Wellems knew he still had his work cut out for him, but he was confident. “I’m a master of marketing,” he smiles, “and we built it up so big he couldn’t back down, I think.”

In March, Sandra Traback and Marcey Reyes, principals of Chavez and Seward elementary schools agreed to help write a proposal for the school. Wellems also brought in Ernesto Terrello, assistant principal at Richards High, who helped with the satellite arrangement that gets Dugan students credit and, ultimately, a Richards diploma.

Gang ways

Wellems also contacted a fellow Claretian Missioner, Brother Modesto Leon, for advice on creating a school. Leon directs the Soledad Enrichment Action Charter Schools in Los Angeles. He visited Chicago for a week at the end of March and met with Reyes, Traback, Wellems and others.

The Los Angeles school’s experience with the justice system helped Wellems make connections he might otherwise have missed. Initially he was “afraid of the court system and the police,” but he came to appreciate the efforts many youth probation officers make on behalf of their charges.

Meanwhile, Wellems began searching for a faculty. His first choice as head teacher declined but referred him to Caudill, a friend who had taught math at Richards for six years. Caudill began attending Wellems’s weekly meetings with the neighborhood youth.

Caudill turned to the school system’s new teacher recruitment Web site to find the two other teachers who would make up the school’s founding faculty. His choices: Bridget Swenson, an English teacher who was working at an alternative school in Omaha, and Steve Hermann, a social studies teacher who taught special education students at an alternative school in Park Forest.

In August, Leon sent Contreras, a former gang member turned community activist, to Chicago. He trained security staff and helped develop outreach to parents—an intensive parenting class with a special emphasis on gang issues is scheduled to begin in October. Now, when any of the school’s 38 students fails to show up, Contreras goes to their homes to find out why. At press time, the school hadn’t figured out who would take on that job when Contreras returns to Los Angeles.

Dugan is enjoying the fruits of a system insider. In English classes, students read from brand-new literature textbooks; in math, they use programmable TI-83 calculators.

Conversely, Caudill is enjoying the fruits of a small, community-based program. “At Richards, I had a very narrow focus. That was math and the teaching of math,” he says. “I’d connect to a student here or there, get their story, but not often. But now it’s like I have 30 lives. I’m sure I’ve heard all their stories.”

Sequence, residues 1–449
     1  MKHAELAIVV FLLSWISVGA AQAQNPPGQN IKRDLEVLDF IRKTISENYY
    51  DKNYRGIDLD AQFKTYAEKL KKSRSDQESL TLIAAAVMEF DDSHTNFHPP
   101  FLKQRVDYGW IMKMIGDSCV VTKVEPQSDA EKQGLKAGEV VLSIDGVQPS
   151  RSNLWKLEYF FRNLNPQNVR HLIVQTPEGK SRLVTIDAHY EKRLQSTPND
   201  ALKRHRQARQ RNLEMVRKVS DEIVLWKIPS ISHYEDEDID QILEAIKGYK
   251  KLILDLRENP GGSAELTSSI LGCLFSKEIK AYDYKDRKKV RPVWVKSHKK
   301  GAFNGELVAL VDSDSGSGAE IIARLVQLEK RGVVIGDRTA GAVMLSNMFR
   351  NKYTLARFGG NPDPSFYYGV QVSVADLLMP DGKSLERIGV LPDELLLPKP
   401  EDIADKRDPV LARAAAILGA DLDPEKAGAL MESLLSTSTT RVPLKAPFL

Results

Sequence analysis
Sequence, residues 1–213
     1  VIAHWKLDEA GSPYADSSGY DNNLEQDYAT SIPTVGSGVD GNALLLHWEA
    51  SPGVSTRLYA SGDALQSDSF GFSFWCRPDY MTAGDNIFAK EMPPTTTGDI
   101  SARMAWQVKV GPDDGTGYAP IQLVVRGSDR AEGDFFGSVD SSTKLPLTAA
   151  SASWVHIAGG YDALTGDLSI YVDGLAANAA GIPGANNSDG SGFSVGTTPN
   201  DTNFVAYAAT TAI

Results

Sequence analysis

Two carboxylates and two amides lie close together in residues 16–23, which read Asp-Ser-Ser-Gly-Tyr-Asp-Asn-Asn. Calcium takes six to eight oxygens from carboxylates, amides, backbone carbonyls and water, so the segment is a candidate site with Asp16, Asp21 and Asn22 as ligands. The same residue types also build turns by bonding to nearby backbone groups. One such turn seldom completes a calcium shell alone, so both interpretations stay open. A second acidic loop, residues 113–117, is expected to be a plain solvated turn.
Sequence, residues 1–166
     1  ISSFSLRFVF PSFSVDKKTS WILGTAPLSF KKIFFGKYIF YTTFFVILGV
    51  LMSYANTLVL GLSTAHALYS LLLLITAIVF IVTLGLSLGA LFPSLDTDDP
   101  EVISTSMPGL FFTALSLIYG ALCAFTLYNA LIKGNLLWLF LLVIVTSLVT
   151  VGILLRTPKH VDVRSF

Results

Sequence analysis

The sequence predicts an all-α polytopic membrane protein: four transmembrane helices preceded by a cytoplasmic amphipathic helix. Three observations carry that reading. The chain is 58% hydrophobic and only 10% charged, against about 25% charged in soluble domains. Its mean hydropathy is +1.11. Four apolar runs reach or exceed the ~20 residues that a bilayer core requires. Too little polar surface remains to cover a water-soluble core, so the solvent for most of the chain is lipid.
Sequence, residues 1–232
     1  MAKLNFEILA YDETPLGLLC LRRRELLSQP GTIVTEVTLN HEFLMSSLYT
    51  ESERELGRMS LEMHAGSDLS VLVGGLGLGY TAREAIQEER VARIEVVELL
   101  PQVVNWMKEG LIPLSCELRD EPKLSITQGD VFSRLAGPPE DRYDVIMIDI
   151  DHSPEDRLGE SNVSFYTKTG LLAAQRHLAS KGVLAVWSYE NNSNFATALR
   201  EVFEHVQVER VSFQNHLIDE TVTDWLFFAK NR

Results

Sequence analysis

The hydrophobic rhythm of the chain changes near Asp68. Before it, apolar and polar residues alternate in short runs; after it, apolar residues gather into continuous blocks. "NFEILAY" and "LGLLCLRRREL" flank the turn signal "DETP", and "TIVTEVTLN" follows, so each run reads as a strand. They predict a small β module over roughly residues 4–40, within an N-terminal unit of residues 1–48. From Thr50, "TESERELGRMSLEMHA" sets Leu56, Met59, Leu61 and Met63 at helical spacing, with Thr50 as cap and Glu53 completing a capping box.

Caudill says the personal connection has opened his eyes to his new students’ academic potential. “I’ve been really impressed with how bright they are,” he says. “All my algebra kids, I’m going to enroll in honors algebra.”

He also keeps his eyes open for opportunities for his students. With classes held from 3 p.m. to 9 p.m., they can work during the day, and he’s beating the bushes to line up jobs. “Every time I go to the store and make a big purchase, I tell them about our kids.”

David Hernandez, 19, also appreciates Dugan’s small size and community connections. “Everybody’s from the neighborhood. That’s what makes this place good. We feel more comfortable because we all know each other.”

Hernandez, a regular at the weekly meetings with Wellems, dropped out of Tilden High School two years ago because of gang conflicts. “My mom told me to drop out,” he says. “She said she’d rather have me alive than dead with a diploma.”

As at other alternative schools, Dugan students who are involved with gangs must “leave it at the door.” For example, they must wear the school “uniform,” white shirt and black pants. Teachers do, too.

Patricia Zambrano, 20, left Tilden last school year. She was one credit short of the 20 she needed to graduate in June. A friend told her about Dugan, and she transferred because “it’s closer to my house.”

“All the teachers, they’re real nice,” she says. “You get to know everybody.” Although she finds the coursework similar to that at Tilden, she believes the teachers are better.

When Zambrano tells a reporter she’s thinking of applying to Daley College, Maria Balthasar, the school clerk, jumps into the conversation: “You need somebody to help you with that now. Start with Michael [Caudill]. I’m searching for my son. You start right now.” Soft-spoken Zambrano responds with a smile.

Before Balthasar came to Dugan, she worked security at Chavez. When she learned about the new school, she thought to herself, “This is what you prayed for, now go for it.”